A: It is a notebook, only with a full Whitehack game on the first 64 pages. The note section starts with a blank table of contents for your own notes, and then continues with dotted pages (with page numbers). The paper is cream colored, quality book paper—very nice to write on. I like the sound and feeling of using a simple pencil on it. If you have never owned a dotted notebook before, the dots are a discrete way of giving you some guidance for your writing, but also for arrows, drawings, lists etc. They are perfect for imitating the Whitehack style of maps and mind maps. I have started bringing my copy pretty much everywhere.

Q: Can you tell me something more about those paper dice?

A: The paper dice are made from complete series of die outcomes (i.e. 1, 2, 3, 4, 5, 6; 1, 2, 3, 4, 5, 6 …) sorted randomly with the help of atmospheric noise. To use them, spin your pencil and point. If there is any doubt which number you are pointing at, choose the closest one to the right and below. If you aren’t super picky about probabilities, you only need to point once to “roll” 3d6 six times in a row. Sometimes I point once on the d20 page at the beginning of a session and jot down a sequence of 15 or so numbers. Then I just tick them off as we play. The paper dice are also great for when you can’t roll dice, like on the bus or when sitting some place where you need to be quite.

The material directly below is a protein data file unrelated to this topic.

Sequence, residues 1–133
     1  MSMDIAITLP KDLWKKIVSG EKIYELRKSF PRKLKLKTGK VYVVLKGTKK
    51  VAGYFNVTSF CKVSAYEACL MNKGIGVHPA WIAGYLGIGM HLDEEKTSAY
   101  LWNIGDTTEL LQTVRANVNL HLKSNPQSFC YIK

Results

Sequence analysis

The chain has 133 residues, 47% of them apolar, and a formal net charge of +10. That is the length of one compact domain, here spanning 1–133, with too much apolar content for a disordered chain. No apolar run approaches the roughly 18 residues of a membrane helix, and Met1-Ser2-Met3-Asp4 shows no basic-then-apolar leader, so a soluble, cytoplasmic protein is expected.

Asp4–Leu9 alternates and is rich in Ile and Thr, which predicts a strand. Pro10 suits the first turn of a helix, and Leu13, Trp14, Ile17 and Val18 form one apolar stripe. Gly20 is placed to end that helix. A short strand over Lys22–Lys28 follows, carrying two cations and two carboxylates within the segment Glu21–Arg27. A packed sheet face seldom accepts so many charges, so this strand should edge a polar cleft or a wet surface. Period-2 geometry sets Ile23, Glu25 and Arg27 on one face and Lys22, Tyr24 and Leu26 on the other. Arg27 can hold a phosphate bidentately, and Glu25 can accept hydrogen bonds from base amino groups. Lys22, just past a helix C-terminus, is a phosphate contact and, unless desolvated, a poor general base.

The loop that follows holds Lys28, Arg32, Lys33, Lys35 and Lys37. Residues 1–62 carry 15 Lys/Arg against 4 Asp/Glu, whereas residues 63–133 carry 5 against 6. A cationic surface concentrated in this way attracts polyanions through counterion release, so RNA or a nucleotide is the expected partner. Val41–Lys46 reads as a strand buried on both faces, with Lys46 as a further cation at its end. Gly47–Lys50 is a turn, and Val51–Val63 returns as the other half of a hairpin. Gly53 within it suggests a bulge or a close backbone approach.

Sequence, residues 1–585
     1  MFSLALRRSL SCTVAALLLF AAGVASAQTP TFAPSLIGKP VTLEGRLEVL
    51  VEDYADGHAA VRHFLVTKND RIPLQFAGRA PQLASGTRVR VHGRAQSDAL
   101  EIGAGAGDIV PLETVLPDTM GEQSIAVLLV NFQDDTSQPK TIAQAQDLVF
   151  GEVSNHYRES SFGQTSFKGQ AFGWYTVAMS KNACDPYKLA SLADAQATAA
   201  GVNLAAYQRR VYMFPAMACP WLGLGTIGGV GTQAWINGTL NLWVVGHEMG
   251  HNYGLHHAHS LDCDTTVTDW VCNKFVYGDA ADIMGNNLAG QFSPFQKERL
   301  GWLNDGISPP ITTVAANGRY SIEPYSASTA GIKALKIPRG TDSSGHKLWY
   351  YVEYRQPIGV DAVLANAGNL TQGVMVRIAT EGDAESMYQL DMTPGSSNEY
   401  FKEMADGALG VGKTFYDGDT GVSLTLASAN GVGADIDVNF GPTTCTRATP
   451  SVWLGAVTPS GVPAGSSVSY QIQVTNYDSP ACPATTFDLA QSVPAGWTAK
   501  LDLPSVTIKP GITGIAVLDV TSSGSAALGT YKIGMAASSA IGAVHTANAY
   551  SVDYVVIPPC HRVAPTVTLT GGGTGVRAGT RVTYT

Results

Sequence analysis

Q: What is this about running material for percentile systems—I thought Whitehack was a level and class based game in the world’s first RPG tradition?

A: It is, and Whitehack is best at running such material. But the difference isn’t as big as one would think. Second edition Whitehack has a corruption system and has switched to “roll high under” rolls for all tasks, saves and attacks. This has brought the game closer to how classic percentile systems (by which I also mean 1–20 systems) work. Add Whitehack’s flexible character generation and magic system to that, and you will have no trouble using your material. It won’t be quite as easy as running modules in the world’s first RPG tradition, but it will be easy enough.

Q: I bought the first edition. Do I need to buy the second one?

A: No, you don’t *need* to. Whitehack 1e is still a very good game that will last you a lifetime of gaming! The second edition is just a lot better :).

Q: What is new or improved in the second edition?

A: Virtually every section in the game text has seen some improvement, but the major changes are, in no particular order (and repeating a lot of info from the About page):

– 64 instead of 32 pages.
– Task rolls, attacks and saves are now all “roll high under” rolls.
– The AC system(s) of first edition has been replaced by a new AC system that uses raw armor values (i.e. leather armor isn’t AC 10+2=12 or AC 9-2=7, it is simply AC 2).